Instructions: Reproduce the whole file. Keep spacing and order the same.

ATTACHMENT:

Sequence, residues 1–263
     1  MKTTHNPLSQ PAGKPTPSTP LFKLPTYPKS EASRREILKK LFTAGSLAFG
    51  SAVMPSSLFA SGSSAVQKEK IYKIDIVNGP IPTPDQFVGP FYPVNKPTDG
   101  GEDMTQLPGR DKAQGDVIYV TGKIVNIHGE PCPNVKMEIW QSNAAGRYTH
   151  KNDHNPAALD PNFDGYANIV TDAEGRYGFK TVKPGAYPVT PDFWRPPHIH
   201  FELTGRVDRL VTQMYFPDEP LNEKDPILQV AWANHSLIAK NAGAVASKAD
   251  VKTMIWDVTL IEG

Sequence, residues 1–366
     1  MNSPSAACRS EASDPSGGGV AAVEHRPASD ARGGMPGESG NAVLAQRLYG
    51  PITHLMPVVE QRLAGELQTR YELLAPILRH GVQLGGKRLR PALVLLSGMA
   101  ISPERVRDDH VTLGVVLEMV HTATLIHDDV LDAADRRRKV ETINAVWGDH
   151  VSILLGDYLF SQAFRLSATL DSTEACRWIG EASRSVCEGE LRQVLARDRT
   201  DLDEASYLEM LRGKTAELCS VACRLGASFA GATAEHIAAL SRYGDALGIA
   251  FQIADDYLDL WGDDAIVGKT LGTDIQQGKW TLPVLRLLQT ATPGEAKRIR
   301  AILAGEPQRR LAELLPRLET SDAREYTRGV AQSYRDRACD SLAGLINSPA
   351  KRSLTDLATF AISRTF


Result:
Sequence, residues 1–263
     1  MKTTHNPLSQ PAGKPTPSTP LFKLPTYPKS EASRREILKK LFTAGSLAFG
    51  SAVMPSSLFA SGSSAVQKEK IYKIDIVNGP IPTPDQFVGP FYPVNKPTDG
   101  GEDMTQLPGR DKAQGDVIYV TGKIVNIHGE PCPNVKMEIW QSNAAGRYTH
   151  KNDHNPAALD PNFDGYANIV TDAEGRYGFK TVKPGAYPVT PDFWRPPHIH
   201  FELTGRVDRL VTQMYFPDEP LNEKDPILQV AWANHSLIAK NAGAVASKAD
   251  VKTMIWDVTL IEG

Sequence, residues 1–366
     1  MNSPSAACRS EASDPSGGGV AAVEHRPASD ARGGMPGESG NAVLAQRLYG
    51  PITHLMPVVE QRLAGELQTR YELLAPILRH GVQLGGKRLR PALVLLSGMA
   101  ISPERVRDDH VTLGVVLEMV HTATLIHDDV LDAADRRRKV ETINAVWGDH
   151  VSILLGDYLF SQAFRLSATL DSTEACRWIG EASRSVCEGE LRQVLARDRT
   201  DLDEASYLEM LRGKTAELCS VACRLGASFA GATAEHIAAL SRYGDALGIA
   251  FQIADDYLDL WGDDAIVGKT LGTDIQQGKW TLPVLRLLQT ATPGEAKRIR
   301  AILAGEPQRR LAELLPRLET SDAREYTRGV AQSYRDRACD SLAGLINSPA
   351  KRSLTDLATF AISRTF